top of page

Michigan Sustainable Apiary Initiative


Michigan has struggled for many years with having a winter survival rate of bees that allows for beekeepers to maintain or grow their apiaries.  It also has set up a scenario where new beekeepers can’t find local sources of bees to get started early in the season.  This has caused a dependence on sourcing bees from the south and west in great numbers.  This is becoming harder and more costly each year because other regions are also struggling to keep their bee populations viable and can’t afford to “share” their resources as readily with those of us in the north.  This problem centers on two related issues:  strong healthy hives during the beekeeping season that produce adequate honey for beekeepers use and for the bees to have for overwintering, and overwintering itself.  We have found ourselves in a survival cycle where we are just trying to keep our hives alive all summer and then hope for the best over the winter.  In the spring we are happy to have 50% survival which generally leads to a need to acquire some bees from outside to bring hive numbers back up.  If we are able to do splits it does help us increase, but it seems we never actually get ahead because we lose hives in the summer as well as the winter.


Over a period of around seven years I  operated a club apiary for the Kalamazoo Bee Club.  Its purpose was mostly for educating new beekeepers on how to manage hives, but also  served as a place to experiment with different factors to make beekeeping in our environment more viable.  Starting in 2013 I began to think in earnest about this issue of sustainability in our club’s apiary.  Our club welcomed over 100 new beekeepers each year to our annual bee school and they and others who lost hives in the winter suddenly all needed bees in the spring.  It was too large a number for one local supplier to supply and most of the beekeepers nearby that do produce bees do it in small numbers.  This leaves new beekeepers no options but to get bees from out of state, or to rely on large beekeepers to sell them nucleus hives that often have out of state queens in them anyway.  At the club apiary we developed some methods that seemed to work to keep bees healthy in the summer and remain productive.  We also seemed to  turn the corner on overwintering.  This however is only half the equation.  I was always told you have to choose between producing honey or producing bees.  If you make enough splits/nuclei to sell bees you will not produce surplus honey.  I realized the first year we seriously tried to make increase, we were able to increase our hives in the apiary by 33% and still got plenty of honey. That was modest, we could probably have increased by around 50% and still have had a decent honey crop.  This led me to understand that you can produce both honey and bees, but on a modest scale.  If each beekeeper produces just a few nucleus hives, say two or three, maybe as many as five, and sells them to a neighboring beekeeper, the numbers would add up and eventually over time we could create a network that could supply bees locally.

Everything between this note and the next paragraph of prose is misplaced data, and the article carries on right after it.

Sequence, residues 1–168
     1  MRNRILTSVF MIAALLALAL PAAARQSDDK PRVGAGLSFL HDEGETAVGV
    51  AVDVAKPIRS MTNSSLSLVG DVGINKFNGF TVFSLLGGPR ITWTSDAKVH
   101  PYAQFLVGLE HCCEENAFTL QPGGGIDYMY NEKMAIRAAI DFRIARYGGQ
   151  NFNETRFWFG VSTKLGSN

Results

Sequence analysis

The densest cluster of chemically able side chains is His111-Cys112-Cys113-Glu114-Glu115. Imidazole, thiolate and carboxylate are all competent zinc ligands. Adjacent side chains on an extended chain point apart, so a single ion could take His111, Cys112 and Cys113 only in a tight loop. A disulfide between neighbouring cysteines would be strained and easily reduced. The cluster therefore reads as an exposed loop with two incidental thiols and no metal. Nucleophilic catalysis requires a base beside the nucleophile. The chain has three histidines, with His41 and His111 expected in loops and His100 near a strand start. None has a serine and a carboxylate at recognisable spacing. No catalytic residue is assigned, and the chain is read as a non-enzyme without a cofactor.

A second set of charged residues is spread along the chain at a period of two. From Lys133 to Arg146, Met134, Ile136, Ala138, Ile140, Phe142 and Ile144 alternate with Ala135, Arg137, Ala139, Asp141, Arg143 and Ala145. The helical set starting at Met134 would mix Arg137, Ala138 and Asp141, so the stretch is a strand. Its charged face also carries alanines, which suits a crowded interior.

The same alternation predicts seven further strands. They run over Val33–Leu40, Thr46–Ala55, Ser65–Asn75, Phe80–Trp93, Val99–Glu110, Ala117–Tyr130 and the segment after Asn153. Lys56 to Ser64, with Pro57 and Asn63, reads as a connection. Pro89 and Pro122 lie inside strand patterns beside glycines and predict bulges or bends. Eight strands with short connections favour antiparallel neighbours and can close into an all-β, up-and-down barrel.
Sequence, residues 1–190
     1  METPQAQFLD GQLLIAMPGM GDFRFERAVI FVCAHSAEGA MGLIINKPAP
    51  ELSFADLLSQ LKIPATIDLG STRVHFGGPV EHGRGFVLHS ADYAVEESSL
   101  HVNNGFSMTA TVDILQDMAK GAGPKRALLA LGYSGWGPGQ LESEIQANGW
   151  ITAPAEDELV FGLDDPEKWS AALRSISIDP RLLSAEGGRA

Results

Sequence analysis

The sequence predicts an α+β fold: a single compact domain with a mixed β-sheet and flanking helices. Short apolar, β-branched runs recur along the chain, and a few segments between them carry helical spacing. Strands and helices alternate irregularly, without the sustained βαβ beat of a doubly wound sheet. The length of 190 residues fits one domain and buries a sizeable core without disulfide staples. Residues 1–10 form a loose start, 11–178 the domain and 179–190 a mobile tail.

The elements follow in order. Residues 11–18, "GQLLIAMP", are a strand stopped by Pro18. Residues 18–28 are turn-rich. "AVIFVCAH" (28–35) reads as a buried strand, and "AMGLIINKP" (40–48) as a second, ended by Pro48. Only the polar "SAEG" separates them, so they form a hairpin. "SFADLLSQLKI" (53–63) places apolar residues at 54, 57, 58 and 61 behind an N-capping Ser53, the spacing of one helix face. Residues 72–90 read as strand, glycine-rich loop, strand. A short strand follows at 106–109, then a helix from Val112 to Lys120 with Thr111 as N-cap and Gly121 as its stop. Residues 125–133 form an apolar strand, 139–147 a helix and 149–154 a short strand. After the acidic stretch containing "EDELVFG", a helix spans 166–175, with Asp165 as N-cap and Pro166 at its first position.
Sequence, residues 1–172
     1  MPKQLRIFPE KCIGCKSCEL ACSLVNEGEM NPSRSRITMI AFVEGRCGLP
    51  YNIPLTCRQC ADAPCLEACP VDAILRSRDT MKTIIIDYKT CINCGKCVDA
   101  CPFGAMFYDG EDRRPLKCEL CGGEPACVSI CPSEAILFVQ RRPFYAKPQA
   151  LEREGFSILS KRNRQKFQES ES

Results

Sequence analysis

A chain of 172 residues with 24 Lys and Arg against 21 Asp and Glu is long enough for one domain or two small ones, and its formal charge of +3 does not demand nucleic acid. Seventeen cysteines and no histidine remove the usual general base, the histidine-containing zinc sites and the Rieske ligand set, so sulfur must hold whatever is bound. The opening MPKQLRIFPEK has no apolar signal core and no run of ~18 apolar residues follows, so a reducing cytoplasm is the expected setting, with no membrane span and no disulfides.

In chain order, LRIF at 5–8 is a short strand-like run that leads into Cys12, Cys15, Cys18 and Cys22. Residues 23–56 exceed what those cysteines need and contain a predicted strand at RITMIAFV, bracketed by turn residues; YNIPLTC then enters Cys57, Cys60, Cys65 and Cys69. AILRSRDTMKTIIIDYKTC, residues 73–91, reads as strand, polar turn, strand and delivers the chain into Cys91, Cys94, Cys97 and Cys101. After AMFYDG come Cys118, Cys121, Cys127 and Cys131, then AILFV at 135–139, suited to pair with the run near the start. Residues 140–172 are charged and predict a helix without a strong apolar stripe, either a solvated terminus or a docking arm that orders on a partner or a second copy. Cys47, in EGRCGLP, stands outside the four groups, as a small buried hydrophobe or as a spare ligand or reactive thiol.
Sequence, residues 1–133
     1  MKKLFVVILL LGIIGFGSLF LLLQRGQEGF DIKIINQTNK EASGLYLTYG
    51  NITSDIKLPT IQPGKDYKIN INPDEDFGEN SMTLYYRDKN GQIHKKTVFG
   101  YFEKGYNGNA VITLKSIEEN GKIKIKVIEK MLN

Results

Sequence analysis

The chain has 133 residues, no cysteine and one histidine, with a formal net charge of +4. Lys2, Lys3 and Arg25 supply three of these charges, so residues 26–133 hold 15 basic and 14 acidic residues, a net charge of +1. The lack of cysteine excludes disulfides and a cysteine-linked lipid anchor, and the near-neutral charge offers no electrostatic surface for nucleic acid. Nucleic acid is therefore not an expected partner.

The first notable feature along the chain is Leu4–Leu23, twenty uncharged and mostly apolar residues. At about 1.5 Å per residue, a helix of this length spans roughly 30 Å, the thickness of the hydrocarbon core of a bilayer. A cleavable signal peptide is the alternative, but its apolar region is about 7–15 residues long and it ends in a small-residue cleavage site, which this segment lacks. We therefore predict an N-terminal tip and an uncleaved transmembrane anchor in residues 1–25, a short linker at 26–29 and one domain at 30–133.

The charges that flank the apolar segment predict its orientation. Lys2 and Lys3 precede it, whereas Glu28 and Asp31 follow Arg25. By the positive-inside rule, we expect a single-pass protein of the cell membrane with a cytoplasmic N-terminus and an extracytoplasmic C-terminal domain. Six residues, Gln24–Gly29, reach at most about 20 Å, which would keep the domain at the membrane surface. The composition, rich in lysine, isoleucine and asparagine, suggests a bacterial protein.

Over the years we have developed a system that keeps our hives healthy year 'round and produces surplus honey and wax. We often have the ability to create extra nucleus hives for others. At the field days we simply walk through the management that is appropriate for the time in the beekeeping season. We manage both horizontal hives and at least one traditional vertical Langstroth hive, so we can demonstrate appropriate management in both configurations. I have extra protective gear available, so it is not necessary to have that to attend field days. Field days are for both those who want to learn more about beekeeping, and for those who are simply curious about the process. We welcome children as long as the parents are willing to supervise. Often they are the most attentive and observant and add productively to field days. I have veils and gloves that fit children, but you will need to make sure they wear long sleeves, long pants and boots to be fully protected.


Here are approximate dates for field days for the 2023 beekeeping season. Please sign up for the email list for notifications as the season gets going for changes or cancellations due to weather.

May 20, 2023

June 17, 2023

July 15, 2023

August 19, 2023

September 16, 2023

October 21, 2023

All field days will begin at 1 pm - all dates are Saturdays

Location is here at our farm: 1386 108th Ave. Otsego, MI 49078

RSVP is appreciated so I can plan for how many will attend - use the contact page to inquire about more information.

The Michigan Sustainable Apiary Initiative is an independent program which will attempt to educate and promote sustainable methods of beekeeping and raising bees in a network of small producers throughout our entire state.  This program will serve all beekeepers in the state and will focus on small scale sustainable honey and bee production.  Field days will be held at the apiary on a monthly basis throughout the beekeeping season.    Field days will be free and open to the public.  The apiary will also attempt to begin a nucleus hive program in which nucleus hives produced at the apiary and among those coming to field days will be shared with others in the local region, especially new beekeepers. 

It is hoped that over a period of years a network of sustainability will develop around the state.  The apiary will only be a proto-type example to educate.  It is hoped that others around the state will attempt to put the same type of principles into practice and also produce small numbers of nuclei to sell to those nearby and that will increase and grow over time.  If this idea would catch on, theoretically a new beekeeper would be able to find someone nearby, say within five miles of where they live who could sell them at least one nuc to get started in the spring.

bottom of page